Then maybe after 6 months they get a job back at the old salary. If they try really hard, with no entertainment, no eating out, and so on, they can probably just about eke out the $1100 interest every month and not go further into debt. But they are still $69,000 in debt with no apparent escape route.

And remember that 50% of people earn less than this, and many of them have family to support, and that in practice unsecured debt from credit cards or finance agencies tends to be around 30%/year interest not 20%.

The result is clear: putting tens of thousands of people out of work for, say, 6 months condemns them to unrepayable debt for the foreseeable future. Let's say that they are 35 years old and that this debt reduces their quality of life (because they have to forego any entertainment or discretionary income just to pay the interest) for the next 30 years by 20%. For each person thus affected the impact is -6 QALYs.

Now look at the people whose life might be shortened by a Covid-19 infection. The vast majority of them have chronic underlying illnesses and are old. I don't have any data here (I wish I did), but let's guess that the average life expectancy in the absence of Covid-19 of those dying with it is 10 years of quality life (which, frankly, I feel is very generous). So each life lost is worth 10 QALYs.

In this simplified analysis the maths then says: for every 600 people who we could save from Covid-19 by locking down, it is "worth" condemning 1000 people to that life of indebtedness. Or, in other words, if the lockdown puts 100,000 people into that life, then it is worth doing if it saves 60,000 deaths from Covid-19.

Now obviously the government should have much better numbers than me to perform this analysis more accurately. I'm just trying to illustrate the point I was making. But my assumptions would need to be very wrong, or the death rate from Covid-19 would need to be far far higher than it appears to be for the current policies to be justified.

That's the point I was trying to make. I would love to see your (or anyone else's) quantified analysis of these issues.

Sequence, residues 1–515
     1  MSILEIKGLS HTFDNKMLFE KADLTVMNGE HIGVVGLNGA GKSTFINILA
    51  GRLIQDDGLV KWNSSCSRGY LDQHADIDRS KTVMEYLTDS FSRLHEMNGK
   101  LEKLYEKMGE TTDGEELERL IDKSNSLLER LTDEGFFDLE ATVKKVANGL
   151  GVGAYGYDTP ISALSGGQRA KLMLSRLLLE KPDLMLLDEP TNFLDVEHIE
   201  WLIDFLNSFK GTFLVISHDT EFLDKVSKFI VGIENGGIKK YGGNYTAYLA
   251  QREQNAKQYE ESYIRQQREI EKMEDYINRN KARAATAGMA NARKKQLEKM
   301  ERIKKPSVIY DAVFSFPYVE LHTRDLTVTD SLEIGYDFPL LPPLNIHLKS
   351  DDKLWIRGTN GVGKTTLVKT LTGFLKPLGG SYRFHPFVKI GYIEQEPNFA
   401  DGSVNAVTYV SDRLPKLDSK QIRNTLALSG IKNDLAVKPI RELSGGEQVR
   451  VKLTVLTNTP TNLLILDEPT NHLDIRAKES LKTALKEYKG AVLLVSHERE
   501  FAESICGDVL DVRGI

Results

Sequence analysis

As you say, the problem is that we don't have that data. Plus the QALY calculation is always going to be somewhat subjective.

My answer to all this is simple (though you might disagree). Governments need to ensure that people who lose their jobs get money so that they can live reasonably normally until this is over.

If we are talking about the UK, then the issue is the people who don't qualify for any of the schemes that are available (such as 80% of salary when placed on "furlough").

For Hong Kong, there is very little being done to help individuals. The HK$10,000 per person payment is not going to be paid until July, which is ridiculous, and it's being paid to non-residents who happen to have a Permanent ID card (which might make sense if this allowed them to make payment immediately, but they aren't doing that).

The Hong Kong government has plenty of money and could easily afford to do more.


I don't disagree at all. But governments can't, in general, just print extra money - it's our money (from taxes of various sorts) that they are simply redistributing. So then the question becomes, what is the best way of redistributing it? I'm absolutely all for a universal unemployment benefit at a decent level - even if this was at the official poverty line of $9,000/month (half of median wage) then it would still be four times more than they utterly ridiculous CSSA. If that meant that the government didn't have the cash to line the construction cartel's pockets through absurd projects like the East Lantau Metropolis then so much the better.

But again, we need to see the calculations, and, again, I'm sorry if this makes you uncomfortable, but at some point in those calculations you would need to put a value on a life (or a QALY) "saved" through the measures.

The point of my article was not to propose answers (although you and several other commenters have tried to infer that I did). I simply want to have a public discussion which is backed by some rational, quantified analysis, and not just by emotional appeals to "save lives".


Actually, I don't disagree with you at all on the principle of doing proper analysis of cost vs. QALY. Tim Harford (author of many excellent books and presenter of the BBC's "More or Less" radio show and podcast) wrote about this recently in The Financial Times, and it's now available on his own website: How do we value a statistical life?

"At the EPA’s $10 per micromort, it would be worth spending $100,000 to prevent a single infection with Covid-19......If an economic lockdown in the US saves [2 million] lives, and costs less than $20tn, then it would seem to be value for money."

He freely admits that those calculations might be wrong, but concludes that it's better to err by doing too much than too little. I agree with him!

However, I am very interested to see the results of countries arriving at a different strategy. The most obvious example is Sweden not imposing a "lockdown", but sadly they seem to have failed in the execution, notably in care homes for the elderly. Singapore seemed to have got it just about right, but forgot about their foreign workers living in dormitories.

You claim that you didn't propose answers, but you did say that money saved by not treating some people could then then be invested in improving health services for a future outbreak of something similar. I still think that is a fanciful notion, and it was that to which I took exception and certainly not the idea of doing proper analysis.